Graphic is from the paper “Lessons from Deep Learning applied to Scholarly Information Extraction: What Works, What Doesn’t, and Future Directions”

Raquib Bin Yousuf, a Ph.D. student in computer science, is exploring the capabilities of large language models to generate text from different forms of data, especially from knowledge graphs. 

A knowledge graph, he said, can be a network with various entities and their relationships on any domain. Generating the correct and helpful narrative from the knowledge graphs is an important task for the user of that domain. 

“Although my research focus is on natural language processing, I have been fortunate while at the Sanghani Center to work in some other multidisciplinary domains as well,” he said. “The excellent and diverse work of the faculty is what attracted me to the center and the exposure I have had to real-world problems in these collaborative projects has helped me to learn more and conduct better research.”

Yousuf’s first exposure to his research area was through information retrieval projects from large scale text data during his undergraduate years. 

He has also worked on knowledge extraction projects under supervision of his advisor Naren Ramakrishnan, which have involved the application of natural language processing methods on large scale scholarly articles.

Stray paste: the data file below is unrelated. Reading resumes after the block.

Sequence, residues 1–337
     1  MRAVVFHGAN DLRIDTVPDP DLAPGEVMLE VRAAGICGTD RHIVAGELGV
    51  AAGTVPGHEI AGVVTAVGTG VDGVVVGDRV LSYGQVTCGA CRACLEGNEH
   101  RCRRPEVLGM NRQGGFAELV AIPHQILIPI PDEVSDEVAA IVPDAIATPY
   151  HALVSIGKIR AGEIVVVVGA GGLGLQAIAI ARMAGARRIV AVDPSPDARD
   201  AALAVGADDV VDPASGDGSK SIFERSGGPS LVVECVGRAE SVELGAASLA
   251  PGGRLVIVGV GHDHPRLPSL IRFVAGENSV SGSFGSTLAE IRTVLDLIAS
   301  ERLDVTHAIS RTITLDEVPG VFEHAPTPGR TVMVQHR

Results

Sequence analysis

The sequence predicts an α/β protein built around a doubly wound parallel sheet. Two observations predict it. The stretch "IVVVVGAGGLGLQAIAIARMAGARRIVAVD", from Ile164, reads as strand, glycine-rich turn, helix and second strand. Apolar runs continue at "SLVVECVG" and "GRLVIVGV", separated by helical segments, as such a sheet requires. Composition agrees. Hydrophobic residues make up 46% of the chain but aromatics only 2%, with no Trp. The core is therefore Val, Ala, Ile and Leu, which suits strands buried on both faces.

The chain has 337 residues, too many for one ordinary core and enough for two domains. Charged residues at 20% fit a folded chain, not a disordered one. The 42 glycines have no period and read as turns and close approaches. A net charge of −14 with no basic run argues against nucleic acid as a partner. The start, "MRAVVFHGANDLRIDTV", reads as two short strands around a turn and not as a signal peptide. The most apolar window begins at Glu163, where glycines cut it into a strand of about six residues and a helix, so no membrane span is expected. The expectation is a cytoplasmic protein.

“Recently there has been a pivotal innovation in NLP in the form of the Transformer model and subsequent development of large language models,” Yousuf said. “Today’s large language models can work well, across many tasks, with little to no help at all and that has motivated me to look deep into the working nature of these state of art models for real-world applications.” 

At the 2022 SIGKDD Conference on Knowledge Discovery and Data Mining last August in Washington, D.C., he presented “Lessons from Deep Learning applied to Scholarly Information Extraction: What Works, What Doesn’t, and Future Directions.” The paper explored the use of domain adapted Transformers models as building blocks to develop and deploy an automated End-to-end Research Entity Extractor, capable of extracting technical facets from full-text scholarly research articles of a large scale dataset.

Yousuf received a bachelor’s degree in computer science and engineering from Bangladesh University of Engineering and Technology (BUET) and a master’s degree in computer science from Virginia Tech.

Projected to graduate in 2025, he hopes to continue his research as an industry professional.